David Muhlbaum: Smart Tax Deductions Non-Itemizers Can Claim

Jill Weisenberger, M.S., R.D.N., C.D.E : Before You Lose Your Mental Edge

Dana Dovey: Coffee Drinkers Rejoice! Your Cup Of Joe Can Prevent Death From Liver Disease

Chris Weller: Electric 'Thinking Cap' Puts Your Brain Power Into High Gear

The Kosher Gourmet by Marlene Parrish A gift of hazelnuts keeps giving --- for a variety of nutty recipes: Entree, side, soup, dessert

April 4, 2014

Rabbi David Gutterman: The Word for Nothing Means Everything

Charles Krauthammer: Kerry's folly, Chapter 3

Amy Peterson: A life of love: How to build lasting relationships with your children

John Ericson: Older Women: Save Your Heart, Prevent Stroke Don't Drink Diet

John Ericson: Why 50 million Americans will still have spring allergies after taking meds

Cameron Huddleston: Best and Worst Buys of April 2014

Stacy Rapacon: Great Mutual Funds for Young Investors

Sarah Boesveld: Teacher keeps promise to mail thousands of former students letters written by their past selves

The Kosher Gourmet by Sharon Thompson Anyone can make a salad, you say. But can they make a great salad? (SECRETS, TESTED TECHNIQUES + 4 RECIPES, INCLUDING DRESSINGS)

April 2, 2014

Paul Greenberg: Death and joy in the spring

Dan Barry: Should South Carolina Jews be forced to maintain this chimney built by Germans serving the Nazis?

Mayra Bitsko: Save me! An alien took over my child's personality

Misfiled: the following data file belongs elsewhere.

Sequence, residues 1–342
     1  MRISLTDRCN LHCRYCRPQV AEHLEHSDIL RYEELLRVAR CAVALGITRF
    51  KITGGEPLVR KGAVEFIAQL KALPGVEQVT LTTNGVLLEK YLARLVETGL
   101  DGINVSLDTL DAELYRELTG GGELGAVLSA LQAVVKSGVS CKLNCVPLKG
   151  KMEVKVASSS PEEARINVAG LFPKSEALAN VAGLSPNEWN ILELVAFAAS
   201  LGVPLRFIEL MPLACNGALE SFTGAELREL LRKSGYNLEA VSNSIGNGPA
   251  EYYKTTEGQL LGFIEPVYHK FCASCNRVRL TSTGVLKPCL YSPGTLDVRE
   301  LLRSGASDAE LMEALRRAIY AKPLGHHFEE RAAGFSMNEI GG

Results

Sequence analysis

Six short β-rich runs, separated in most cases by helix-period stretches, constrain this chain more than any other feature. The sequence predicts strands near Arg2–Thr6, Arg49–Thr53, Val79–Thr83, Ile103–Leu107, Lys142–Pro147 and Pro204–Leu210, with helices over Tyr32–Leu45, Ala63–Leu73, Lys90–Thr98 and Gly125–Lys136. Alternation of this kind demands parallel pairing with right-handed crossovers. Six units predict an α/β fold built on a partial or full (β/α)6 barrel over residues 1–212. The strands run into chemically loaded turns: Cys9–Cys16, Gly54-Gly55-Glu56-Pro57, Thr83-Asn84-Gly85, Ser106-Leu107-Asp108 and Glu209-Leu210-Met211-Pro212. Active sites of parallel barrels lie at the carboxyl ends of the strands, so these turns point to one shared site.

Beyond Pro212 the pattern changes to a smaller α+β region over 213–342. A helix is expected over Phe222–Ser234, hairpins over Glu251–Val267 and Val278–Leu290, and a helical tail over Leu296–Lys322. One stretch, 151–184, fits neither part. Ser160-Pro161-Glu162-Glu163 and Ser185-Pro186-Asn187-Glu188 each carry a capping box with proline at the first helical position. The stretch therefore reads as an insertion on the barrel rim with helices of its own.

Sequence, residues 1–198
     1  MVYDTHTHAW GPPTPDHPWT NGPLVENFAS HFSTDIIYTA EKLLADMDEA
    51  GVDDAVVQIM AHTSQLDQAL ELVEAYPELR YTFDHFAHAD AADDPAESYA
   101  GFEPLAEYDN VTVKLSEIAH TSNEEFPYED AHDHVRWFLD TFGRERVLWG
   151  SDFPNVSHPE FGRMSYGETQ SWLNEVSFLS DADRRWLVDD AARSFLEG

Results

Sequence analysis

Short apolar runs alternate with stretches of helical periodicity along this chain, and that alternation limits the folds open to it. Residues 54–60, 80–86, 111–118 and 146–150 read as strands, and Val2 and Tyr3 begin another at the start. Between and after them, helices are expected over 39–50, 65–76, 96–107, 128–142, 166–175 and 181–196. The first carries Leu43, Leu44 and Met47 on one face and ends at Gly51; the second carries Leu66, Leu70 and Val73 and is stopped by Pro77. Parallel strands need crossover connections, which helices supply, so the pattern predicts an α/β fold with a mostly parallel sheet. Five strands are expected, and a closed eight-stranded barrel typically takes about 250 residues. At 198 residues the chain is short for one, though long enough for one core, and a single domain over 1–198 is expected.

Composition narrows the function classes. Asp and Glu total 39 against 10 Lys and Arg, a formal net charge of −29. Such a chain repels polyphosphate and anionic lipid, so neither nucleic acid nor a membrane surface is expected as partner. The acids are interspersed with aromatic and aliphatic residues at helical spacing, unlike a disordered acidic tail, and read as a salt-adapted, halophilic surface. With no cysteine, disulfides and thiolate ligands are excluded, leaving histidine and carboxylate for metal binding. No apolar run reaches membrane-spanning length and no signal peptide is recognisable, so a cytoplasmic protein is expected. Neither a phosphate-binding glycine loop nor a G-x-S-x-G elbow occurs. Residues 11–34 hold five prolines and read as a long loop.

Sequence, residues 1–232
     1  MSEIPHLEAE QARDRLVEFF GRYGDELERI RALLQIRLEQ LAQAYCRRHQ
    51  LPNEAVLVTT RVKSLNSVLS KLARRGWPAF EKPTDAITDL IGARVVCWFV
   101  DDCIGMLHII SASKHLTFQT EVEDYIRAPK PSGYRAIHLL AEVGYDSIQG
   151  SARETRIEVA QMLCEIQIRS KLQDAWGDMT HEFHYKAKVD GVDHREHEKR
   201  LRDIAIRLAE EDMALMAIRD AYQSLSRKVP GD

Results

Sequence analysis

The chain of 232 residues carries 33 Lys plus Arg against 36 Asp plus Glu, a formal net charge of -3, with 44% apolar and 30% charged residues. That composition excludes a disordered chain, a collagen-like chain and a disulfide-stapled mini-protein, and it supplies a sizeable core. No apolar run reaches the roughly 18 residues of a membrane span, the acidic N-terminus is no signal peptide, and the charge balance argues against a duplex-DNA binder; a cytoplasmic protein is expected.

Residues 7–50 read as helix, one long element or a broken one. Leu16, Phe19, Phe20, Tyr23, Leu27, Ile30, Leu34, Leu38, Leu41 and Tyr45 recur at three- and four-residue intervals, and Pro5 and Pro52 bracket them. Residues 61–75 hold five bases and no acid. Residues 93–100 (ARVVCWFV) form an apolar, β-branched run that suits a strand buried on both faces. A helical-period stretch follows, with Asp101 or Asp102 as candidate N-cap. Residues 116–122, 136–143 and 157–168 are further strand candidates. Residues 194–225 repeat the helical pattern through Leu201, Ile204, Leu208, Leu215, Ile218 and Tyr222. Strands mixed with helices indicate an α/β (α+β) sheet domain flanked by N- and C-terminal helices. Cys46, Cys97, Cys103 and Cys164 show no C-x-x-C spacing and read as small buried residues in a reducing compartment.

Frank Clayton: Get happy: 20 scientifically proven happiness activities

Susan Scutti: It's Genetic! Obesity and the 'Carb Breakdown' Gene

Lecia Bushak: Why Hand Sanitizer May Actually Harm Your Health

Stacy Rapacon: Great Funds You Can Own for $500 or Less

Cameron Huddleston: 7 Ways to Save on Home Decor

The Kosher Gourmet by Steve Petusevsky Exploring ingredients as edible-stuffed containers (TWO RECIPES + TIPS & TECHINQUES)

Jewish World Review Sept. 4, 2013/ 29 Elul, 5773

The Wrong Target on WMDs

By Mona Charen




http://www.JewishWorldReview.com | Complacency is a state of mind that exists only in retrospective: It has to be shattered before being ascertained. —Vladimir Nabokov

After 9/11, the prevailing view was that "nothing would ever be the same." The sight of bodies plunging 100 stories from the flaming towers of the World Trade Center seared into our psyches the reality that America has cruel and wanton enemies. The USA Patriot Act, which sought to repair some of the intelligence lapses that permitted the 9/11 attacks to go undiscovered, passed the House by a vote of 357 to 66 and the Senate by 98 to one.

Twelve years is a long time, though, and the best you can say about "things will never be the same" is that it's a truism. The ordinary human tendency to relax one's watchfulness creeps back surprisingly quickly — especially when the president of the United States implies that we can unilaterally declare a war "ended" because we're tired of vigilance and we want to spend money on Obamacare, universal preschool and food stamps.

The Obama administration is flailing on the subject of national security, declaring the war over in one breath and thundering against Syria's use of chemical weapons in the next. After 12 years of excoriating Mr. Bush for attempting to deal with a tyrant in control of WMDs, Mr. Obama, though calling himself "war-weary," nonetheless sounded exactly like his predecessor in his frustration with the so-called "international community."